Guest Post – The Don Draper Club

I have always felt a sense of discomfort being described as a feminist, it leaves me feeling cold and self conscious. Feminists cause trouble, they burn bras, defend their right to grow armpit hair, make men feel nervous about saying the wrong thing, look down their nose at chivalry and make other women feel inadequate for making less feminist choices than them, they miss the point about choice. It has never felt like a particularly empowering title to me, more of a throw away insult in the same category as ‘tree hugger’. I understand the term and would never denigrate anyone that felt this describes them but I have always felt that it is a bit separatist, an elite club and have always preferred equality to feminism. I wouldn’t say I have ever consciously made a decision to do/not do something because of or in spite of my gender, preferring to think that I am in control of my own destiny no-one, male or female, is determining my potential. I work in the gender balanced field of leadership development, my professional peers are mixed genders however our audiences are predominantly male. My personality is Northern English ‘no nonsense’, take no prisoners, give as good as you get. This approach and the confidence it gives me has served me well when delivering courses to rooms full of males, I have always felt respected as a trainer, never once considered my gender to be in anyway an disadvantage or advantage, it was irrelevant. I have always had this sense from the delegates too. I have always felt equality was alive and well and a given and never felt the need to be linked to feminism.

Last Tuesday I was forced to reevaluate my views. For the first time in my career a delegate made a public lewd, gender based comment about me, I chose to react with my aforementioned ‘northern lass’ aplomb with a professional put-down, but I didn’t call him out, I didn’t tell him it was inappropriate, I didn’t discuss it, I didn’t pass it up the chain of command to be dealt with internally, I did precisely zero, nada, zilch. My initial reflection was that I had dealt with it my way by not allowing him to think he had embarrassed me, I had won, I’d shown him by ‘bantering’ back. The more I thought about this the more I felt this was wrong, by not reacting more assertively I have allowed the behaviour, given him permission even. This has made me question myself, firstly, was this me being passive, not confronting inappropriate behaviour? Secondly, have l let down other women who are less assertive than me by not ‘calling him out’ publicly in the same forum that he so publicly was lewd towards me? My reflections have served no purpose other than to confuse me, am I a good feminist, or as I prefer to think of myself, a good equalitarian, new word? My only conclusion is that I should definitely have done more, banter is not the answer in a professional setting, it doesn’t matter how good I am at banter socially, and boy am I good, professional standards should prevail and the least I can expect is not to have to hear unwanted lewd comments about myself at work. I should have seen it as inappropriate there and then and not on reflection, it wasn’t acceptable, he was wrong, he was unprofessional, he was inappropriate. Will I react differently next time? You bet!!! Does that make a feminist after all?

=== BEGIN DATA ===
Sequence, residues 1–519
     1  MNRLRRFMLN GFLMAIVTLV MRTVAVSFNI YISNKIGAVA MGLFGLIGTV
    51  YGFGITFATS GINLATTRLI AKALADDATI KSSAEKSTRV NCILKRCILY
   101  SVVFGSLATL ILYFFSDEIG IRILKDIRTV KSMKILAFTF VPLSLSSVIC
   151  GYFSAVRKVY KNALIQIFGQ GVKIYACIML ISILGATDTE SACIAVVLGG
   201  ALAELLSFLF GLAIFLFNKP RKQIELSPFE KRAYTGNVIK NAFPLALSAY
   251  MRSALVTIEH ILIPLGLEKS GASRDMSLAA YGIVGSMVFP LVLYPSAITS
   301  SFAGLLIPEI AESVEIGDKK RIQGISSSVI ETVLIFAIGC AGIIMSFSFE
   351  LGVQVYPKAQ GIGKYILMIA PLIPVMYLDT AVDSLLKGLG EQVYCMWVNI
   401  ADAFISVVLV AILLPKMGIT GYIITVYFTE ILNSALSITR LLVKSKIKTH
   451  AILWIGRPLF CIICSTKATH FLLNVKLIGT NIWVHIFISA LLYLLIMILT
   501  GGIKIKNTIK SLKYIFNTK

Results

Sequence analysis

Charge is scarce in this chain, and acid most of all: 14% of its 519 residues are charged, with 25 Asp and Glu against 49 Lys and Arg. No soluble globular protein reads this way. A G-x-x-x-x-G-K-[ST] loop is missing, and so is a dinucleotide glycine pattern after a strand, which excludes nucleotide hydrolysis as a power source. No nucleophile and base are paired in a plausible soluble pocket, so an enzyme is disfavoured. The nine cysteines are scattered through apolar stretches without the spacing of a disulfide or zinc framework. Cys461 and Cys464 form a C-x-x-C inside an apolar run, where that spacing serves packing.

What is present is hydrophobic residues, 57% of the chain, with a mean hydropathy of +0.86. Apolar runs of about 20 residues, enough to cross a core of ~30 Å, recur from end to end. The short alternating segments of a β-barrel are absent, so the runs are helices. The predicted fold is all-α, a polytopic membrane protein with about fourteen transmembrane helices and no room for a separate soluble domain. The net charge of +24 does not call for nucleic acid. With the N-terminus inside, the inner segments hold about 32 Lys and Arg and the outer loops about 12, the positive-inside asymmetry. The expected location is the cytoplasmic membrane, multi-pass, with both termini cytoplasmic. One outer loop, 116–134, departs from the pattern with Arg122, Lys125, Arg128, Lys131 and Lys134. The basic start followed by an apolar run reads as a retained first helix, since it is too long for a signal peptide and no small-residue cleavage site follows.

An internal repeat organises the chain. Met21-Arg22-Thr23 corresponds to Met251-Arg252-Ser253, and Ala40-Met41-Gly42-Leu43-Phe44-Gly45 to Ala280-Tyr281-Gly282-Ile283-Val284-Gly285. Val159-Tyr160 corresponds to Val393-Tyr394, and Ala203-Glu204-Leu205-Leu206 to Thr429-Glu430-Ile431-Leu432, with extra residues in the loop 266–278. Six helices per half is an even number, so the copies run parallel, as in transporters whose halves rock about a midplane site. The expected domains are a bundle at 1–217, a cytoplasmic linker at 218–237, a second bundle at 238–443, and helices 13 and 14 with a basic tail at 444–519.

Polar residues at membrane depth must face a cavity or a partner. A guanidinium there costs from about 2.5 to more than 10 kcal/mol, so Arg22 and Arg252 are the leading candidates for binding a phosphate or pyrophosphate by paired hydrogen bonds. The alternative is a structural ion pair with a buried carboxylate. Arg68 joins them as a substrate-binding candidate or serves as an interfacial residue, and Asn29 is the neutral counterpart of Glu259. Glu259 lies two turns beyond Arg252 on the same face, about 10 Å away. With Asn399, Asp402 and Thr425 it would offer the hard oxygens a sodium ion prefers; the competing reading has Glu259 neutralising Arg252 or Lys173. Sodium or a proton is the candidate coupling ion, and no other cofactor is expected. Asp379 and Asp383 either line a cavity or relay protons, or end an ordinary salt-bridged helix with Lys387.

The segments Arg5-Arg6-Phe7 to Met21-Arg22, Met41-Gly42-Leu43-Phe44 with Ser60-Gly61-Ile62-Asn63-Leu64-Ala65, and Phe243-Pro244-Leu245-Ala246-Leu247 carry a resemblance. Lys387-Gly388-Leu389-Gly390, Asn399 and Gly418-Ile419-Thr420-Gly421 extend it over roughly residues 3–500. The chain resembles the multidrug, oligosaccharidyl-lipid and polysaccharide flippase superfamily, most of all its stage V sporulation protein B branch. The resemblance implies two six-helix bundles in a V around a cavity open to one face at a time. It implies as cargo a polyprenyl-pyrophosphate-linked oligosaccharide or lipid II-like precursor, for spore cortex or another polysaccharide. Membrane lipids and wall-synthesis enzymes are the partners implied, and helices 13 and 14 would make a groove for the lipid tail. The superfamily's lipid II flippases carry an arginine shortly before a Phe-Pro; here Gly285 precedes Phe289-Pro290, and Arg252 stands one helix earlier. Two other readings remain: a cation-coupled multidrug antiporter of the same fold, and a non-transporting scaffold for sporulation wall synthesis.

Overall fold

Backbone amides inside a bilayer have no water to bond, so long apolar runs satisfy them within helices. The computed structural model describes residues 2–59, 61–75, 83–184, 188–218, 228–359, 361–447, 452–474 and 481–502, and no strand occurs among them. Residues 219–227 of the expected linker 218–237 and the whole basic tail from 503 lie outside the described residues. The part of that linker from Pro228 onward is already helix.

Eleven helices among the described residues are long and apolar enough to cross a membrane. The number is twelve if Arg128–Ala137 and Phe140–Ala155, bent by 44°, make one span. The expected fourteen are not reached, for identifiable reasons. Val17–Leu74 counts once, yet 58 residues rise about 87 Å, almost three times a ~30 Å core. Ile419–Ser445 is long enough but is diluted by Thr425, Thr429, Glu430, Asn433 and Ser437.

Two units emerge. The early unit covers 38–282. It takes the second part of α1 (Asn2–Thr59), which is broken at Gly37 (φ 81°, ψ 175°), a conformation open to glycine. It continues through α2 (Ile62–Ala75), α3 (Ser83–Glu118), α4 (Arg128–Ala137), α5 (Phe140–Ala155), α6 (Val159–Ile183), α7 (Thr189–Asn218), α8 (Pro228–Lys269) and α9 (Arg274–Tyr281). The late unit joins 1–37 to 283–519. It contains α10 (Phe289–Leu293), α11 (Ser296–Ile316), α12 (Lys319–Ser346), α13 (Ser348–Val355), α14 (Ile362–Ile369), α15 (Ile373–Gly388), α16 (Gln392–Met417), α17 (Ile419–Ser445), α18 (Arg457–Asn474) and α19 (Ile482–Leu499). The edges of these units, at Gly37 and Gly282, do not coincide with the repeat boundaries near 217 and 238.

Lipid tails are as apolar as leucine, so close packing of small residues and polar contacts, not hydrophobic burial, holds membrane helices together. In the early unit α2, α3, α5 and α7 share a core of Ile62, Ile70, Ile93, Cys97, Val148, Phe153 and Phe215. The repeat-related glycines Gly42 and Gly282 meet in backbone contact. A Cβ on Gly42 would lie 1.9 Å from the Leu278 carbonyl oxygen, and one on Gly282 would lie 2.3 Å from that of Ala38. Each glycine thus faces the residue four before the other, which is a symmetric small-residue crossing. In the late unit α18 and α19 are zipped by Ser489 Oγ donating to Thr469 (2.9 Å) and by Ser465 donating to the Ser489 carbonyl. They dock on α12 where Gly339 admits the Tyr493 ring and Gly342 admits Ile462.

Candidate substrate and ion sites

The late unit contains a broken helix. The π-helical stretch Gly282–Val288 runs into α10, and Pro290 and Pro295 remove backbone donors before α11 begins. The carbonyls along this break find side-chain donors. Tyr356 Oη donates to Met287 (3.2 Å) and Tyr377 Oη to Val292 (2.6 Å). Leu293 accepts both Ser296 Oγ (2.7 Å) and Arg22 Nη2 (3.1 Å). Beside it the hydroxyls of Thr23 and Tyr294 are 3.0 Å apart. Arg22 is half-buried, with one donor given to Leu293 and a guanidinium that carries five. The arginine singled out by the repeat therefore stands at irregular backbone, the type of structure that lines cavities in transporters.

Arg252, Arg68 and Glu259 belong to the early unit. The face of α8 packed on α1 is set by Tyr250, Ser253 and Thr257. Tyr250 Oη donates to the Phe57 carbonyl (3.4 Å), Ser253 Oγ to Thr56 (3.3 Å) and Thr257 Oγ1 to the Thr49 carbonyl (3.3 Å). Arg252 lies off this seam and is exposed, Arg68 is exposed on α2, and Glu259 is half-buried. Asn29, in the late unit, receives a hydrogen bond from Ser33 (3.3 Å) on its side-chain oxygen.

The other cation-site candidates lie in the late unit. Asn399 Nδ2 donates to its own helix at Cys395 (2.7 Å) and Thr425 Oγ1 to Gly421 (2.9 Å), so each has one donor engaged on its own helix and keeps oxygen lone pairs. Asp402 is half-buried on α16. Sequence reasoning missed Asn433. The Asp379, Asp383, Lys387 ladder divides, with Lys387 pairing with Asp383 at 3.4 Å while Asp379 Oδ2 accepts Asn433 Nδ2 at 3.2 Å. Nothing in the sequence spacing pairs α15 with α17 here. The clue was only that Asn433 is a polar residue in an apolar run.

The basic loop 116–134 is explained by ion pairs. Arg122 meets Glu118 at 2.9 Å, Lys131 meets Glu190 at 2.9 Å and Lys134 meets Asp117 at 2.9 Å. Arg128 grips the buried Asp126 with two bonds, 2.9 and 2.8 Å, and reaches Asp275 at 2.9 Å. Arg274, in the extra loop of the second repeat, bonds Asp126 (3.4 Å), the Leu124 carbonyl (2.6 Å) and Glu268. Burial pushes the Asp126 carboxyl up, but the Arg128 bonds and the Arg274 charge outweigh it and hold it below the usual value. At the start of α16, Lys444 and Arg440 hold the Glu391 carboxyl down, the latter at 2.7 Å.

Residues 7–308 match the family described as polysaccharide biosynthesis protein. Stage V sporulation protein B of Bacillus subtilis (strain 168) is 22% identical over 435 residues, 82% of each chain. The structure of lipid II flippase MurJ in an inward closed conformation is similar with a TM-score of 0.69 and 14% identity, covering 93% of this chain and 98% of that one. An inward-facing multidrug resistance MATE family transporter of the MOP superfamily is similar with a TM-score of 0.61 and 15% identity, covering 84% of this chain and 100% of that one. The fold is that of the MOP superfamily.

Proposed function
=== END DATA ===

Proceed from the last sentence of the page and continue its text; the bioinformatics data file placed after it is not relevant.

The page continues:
One comment

  1. Pingback: Interlude – | offmydottyrocker

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